This outline of the Admiral Superintendent's instructions will show that - while exercising, in peace time, a high function of the Navy in keeping the peace and preserving the safety of the seas, in ministering to the welfare of the fisheries and the mercantile marine, and in protecting the Customs revenue of the country - he pursues the great work of preserving efficient the Naval Reserves in readiness for the war needs of the State. His operations are thus of far-reaching significance, and it will be seen that he must play a notable part in any mobilization of the fleet.

Important as are the duties of the Deputy Adjutant-General of the Royal Marine Forces, it will not be necessary for me to dwell upon them at any length. That admirable body of men, the Royal Marine Light Infantry, with its training depôt at Walmer, and its divisions located at Chatham, Portsmouth, and Plymouth, and the Royal Marine Artillery, with its headquarters at Eastney Barracks, near Portsmouth, is a very valuable part of our naval personnel. Alternating their service between the shore and the fleet, the Marines are trained as soldiers, and to a considerable extent as seamen. Through the devotion of their officers and the thorough training of the men, they render most substantial service on board our ships. To deal with the entire economy and detailed service of the Marines, however, is beyond the scope of the present volume, and it must suffice to say that, with an establishment of 15,500, including 2,679 artillerymen, the force is maintained in a style of admirable efficiency.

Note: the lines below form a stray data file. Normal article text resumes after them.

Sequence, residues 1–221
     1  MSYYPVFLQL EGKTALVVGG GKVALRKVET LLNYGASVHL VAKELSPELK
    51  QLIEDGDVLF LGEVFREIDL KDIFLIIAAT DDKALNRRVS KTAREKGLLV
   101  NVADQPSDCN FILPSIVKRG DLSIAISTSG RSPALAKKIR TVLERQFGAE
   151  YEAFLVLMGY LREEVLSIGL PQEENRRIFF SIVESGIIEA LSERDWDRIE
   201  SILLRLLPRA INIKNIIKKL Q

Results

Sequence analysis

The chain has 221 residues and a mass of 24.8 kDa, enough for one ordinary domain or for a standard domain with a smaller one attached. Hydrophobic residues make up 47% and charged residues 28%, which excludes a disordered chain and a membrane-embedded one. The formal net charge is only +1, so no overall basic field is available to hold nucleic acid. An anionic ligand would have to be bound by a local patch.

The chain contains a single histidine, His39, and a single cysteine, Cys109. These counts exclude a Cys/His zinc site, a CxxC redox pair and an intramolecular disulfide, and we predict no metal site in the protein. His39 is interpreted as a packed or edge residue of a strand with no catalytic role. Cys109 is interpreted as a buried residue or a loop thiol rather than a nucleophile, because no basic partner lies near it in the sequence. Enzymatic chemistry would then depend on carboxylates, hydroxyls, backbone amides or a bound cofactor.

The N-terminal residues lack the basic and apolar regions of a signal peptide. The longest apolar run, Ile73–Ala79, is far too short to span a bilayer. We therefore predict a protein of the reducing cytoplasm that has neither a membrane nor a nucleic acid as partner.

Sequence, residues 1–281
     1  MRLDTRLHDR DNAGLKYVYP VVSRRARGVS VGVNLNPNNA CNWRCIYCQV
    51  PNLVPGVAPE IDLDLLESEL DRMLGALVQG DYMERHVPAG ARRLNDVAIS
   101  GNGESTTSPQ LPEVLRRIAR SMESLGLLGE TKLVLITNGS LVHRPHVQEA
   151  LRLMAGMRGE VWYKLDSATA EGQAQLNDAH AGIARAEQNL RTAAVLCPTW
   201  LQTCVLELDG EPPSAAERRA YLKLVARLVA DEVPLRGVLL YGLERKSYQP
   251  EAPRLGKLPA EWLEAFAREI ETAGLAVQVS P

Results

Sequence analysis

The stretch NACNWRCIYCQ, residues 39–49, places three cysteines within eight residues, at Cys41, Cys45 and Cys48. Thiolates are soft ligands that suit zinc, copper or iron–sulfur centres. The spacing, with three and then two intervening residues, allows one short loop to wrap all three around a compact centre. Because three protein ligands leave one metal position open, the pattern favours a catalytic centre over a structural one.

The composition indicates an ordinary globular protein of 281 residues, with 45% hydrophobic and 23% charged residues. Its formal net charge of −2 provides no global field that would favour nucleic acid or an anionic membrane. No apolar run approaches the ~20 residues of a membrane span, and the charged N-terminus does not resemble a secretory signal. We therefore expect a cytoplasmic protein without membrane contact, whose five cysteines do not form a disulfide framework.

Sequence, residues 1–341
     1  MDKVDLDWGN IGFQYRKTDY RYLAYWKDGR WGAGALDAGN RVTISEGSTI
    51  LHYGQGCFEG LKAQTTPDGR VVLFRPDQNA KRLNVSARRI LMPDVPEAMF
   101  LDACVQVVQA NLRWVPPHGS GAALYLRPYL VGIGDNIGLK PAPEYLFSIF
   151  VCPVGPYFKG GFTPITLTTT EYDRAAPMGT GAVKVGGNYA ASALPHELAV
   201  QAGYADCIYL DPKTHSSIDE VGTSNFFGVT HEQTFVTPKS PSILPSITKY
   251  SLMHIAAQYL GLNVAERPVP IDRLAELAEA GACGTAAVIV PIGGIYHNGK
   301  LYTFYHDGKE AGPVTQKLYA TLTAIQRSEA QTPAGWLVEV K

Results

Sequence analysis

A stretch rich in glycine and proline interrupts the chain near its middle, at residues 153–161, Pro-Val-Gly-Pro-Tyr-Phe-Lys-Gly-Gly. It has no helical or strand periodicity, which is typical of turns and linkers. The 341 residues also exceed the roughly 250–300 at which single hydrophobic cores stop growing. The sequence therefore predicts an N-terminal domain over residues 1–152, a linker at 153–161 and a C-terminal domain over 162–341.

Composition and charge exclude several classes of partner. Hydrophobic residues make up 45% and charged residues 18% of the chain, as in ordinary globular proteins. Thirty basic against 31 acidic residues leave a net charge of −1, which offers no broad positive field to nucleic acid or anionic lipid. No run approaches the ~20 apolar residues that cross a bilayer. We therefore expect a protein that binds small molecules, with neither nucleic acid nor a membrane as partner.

When serving afloat, the Royal Marines are governed by the Naval Discipline Act, and are under their own officers, but subject to the captains of the ships in which they serve. Ashore, they are under the Army Act, and, so far as the exigencies of the training under Admiralty orders will admit, they take part under the general officer commanding the military district, in military manoeuvres and garrison duty in common with the other troops under his command. But, in regard to pay, interior economy, inspection and discipline, the Royal Marines are independent of that officer, and are under Admiralty regulations, enforced by the Deputy Adjutant-General, Royal Marines, who is supervised, as I have said, by the Second Sea Lord. A general commanding, for example, is not empowered to inspect Marine barracks, nor even to enter them without consent. Neither can he order a single man of the Marines on any duty without the authority of the Admiralty. If it were otherwise, the Marine forces would not be truly at the disposal of the Naval service upon emergency. The work of the Deputy Adjutant-General is accordingly to execute the orders of the Admiralty Board in relation to the forces under his command, to take charge of the Marine Recruiting Service, and to maintain these forces in the state of high efficiency to which they have been brought, and in readiness for immediate service if required. His Department at the Admiralty is noteworthy in this respect, that it numbers no civilian officials.